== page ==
04/28/2017  //  By tracy kelly  //  campus recruiting

It’s springtime. Flowers are blooming, the weather is getting warmer… and college students are wrapping up the school year, excited to start summer internships.

HR pro Steve Browne, Executive Director of Human Resources for LaRosa’s, Inc., has more than 30 years of experience in HR, including running internship programs. If your company has an internship program, or is thinking of starting one, Browne offers five practices organizations can incorporate into internship strategies to enhance the experience, both for students and your organization.

Designate an intern coordinator

“Put in the time to make sure the intern is learning and doing well at the organization.”

Don’t welcome interns to the office on day one and leave them to work independently until their internship ends. Before interns come on board, Browne advises that organizations identify a dedicated coordinator, outside of the intern’s direct supervisor, to guide students through their experience. Companies need to dedicate resources to the program to ensure it is a success. “Put in the time to make sure the intern is learning and doing well at the organization,” says Browne.

The coordinator, who could be a member of the HR or recruiting department, will be the intern’s first point-of-contact for questions, help them establish goals and check in throughout the internship. By collaborating with the internship supervisor, the coordinator will help to ensure the intern has a positive learning experience.

Hire early

While many colleges now require internships, Browne asserts that most companies mistakenly only hire juniors and seniors, assuming freshmen and sophomores don’t have enough experience. He suggests that if a student is interested and excited about your organization, companies should give them a chance, no matter their age. The students’ enthusiasm will carry over into their work, and hiring early provides organizations the opportunity to groom young talent into future employees.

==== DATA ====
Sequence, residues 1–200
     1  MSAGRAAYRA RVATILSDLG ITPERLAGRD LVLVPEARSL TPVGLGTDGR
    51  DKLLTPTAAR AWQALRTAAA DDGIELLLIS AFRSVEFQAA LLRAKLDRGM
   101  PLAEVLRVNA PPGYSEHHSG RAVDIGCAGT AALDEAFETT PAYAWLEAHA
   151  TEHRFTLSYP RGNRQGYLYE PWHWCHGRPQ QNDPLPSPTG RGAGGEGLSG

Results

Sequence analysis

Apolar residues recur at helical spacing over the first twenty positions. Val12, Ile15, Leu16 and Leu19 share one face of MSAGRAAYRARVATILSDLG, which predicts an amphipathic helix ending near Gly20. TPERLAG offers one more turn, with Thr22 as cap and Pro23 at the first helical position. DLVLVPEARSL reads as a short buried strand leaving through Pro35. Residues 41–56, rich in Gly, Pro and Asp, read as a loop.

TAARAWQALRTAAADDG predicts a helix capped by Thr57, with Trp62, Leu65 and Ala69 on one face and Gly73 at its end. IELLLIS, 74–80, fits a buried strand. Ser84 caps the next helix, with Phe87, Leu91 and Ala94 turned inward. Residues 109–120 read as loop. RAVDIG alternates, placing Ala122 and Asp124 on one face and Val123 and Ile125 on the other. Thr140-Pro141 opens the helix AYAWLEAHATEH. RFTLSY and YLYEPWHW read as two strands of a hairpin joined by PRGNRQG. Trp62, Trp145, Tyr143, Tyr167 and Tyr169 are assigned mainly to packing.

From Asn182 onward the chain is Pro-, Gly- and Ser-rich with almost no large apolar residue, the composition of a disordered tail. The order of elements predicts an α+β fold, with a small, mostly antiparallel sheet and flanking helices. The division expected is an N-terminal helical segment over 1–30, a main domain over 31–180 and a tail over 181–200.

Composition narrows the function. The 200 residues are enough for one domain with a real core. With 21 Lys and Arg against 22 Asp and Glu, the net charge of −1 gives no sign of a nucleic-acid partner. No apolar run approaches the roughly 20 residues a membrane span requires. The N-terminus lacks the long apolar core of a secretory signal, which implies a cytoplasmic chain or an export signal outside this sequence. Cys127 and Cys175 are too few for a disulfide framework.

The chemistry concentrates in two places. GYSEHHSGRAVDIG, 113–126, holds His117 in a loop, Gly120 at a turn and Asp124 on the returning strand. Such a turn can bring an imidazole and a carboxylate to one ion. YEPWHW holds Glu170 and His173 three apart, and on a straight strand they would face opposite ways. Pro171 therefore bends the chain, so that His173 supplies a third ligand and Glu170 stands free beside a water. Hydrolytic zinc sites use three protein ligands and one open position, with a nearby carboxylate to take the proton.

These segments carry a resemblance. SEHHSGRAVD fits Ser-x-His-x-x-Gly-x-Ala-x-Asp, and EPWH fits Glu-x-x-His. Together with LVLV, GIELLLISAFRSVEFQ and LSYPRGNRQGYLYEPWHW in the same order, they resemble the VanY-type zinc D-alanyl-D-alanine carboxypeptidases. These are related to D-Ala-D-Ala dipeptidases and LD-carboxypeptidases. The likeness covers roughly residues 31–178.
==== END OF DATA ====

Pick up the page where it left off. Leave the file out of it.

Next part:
Offer challenging work assignments

“Making interns do menial work doesn’t add value for them, or for your company.”

Is delivering coffee and running errands part of the intern job description? Browne asserts that an intern’s role should be more meaningful. “Making interns do menial work doesn’t add value for them, or for your company,” says Browne.

An internship is a chance to assess individual talents and fit, so offer real, challenging work assignments. Instead of data entry or making copies, provide a project to complete throughout the course of the internship or assign varying responsibilities that expose students to different areas of the business. Browne asserts that the real learning experience starts when interns are faced with a project they don’t understand, so give interns assignments that require research, problem-solving and curiosity.

Teach skills not taught in school

An internship is often a student’s first introduction to the professional world, so teach skills they don’t learn in school. Browne suggests showing interns how to communicate with all levels of the organization and how to maneuver within the company. Developing these skills can impact career development and future success in the workplace, whether at your organization or elsewhere. Encourage interns to interact with employees throughout the company, ask them to sit in on meetings with full-time employees or give presentations about their work, and help them integrate into the organization by holding meet-and-greets with other departments.

Consider the internship a brand opportunity

“It’s an incredible brand opportunity when a student has a great experience with you—even if you never hire them.”

Providing a positive internship experience helps grow your employer reputation; students will share this information with others. “It’s an incredible brand opportunity when a student has a great experience with you—even if you never hire them,” says Browne.

Even if an intern isn’t a fit for your company right now, they may gain more experience and be a quality hire in the future. After the internship is over, survey students to find out what they liked and didn’t, to continually improve the intern program. Create an intern alumni group and keep in touch with former interns by sharing company news, open positions and employee stories, to continue to build your brand among this audience.

Conclusion

Internships provide a learning experience for students, while helping your company build a pipeline of future talent. By offering meaningful work, providing a positive experience and giving young talent a chance, you can develop an internship program that will cultivate the next generation of leaders.

Want more tips to improve your internship program? Download our free guide, From Intern to Employee: How to Invest in Next Gen Talent, to learn how to create a long-term intern hiring strategy and stay top of mind with college students.

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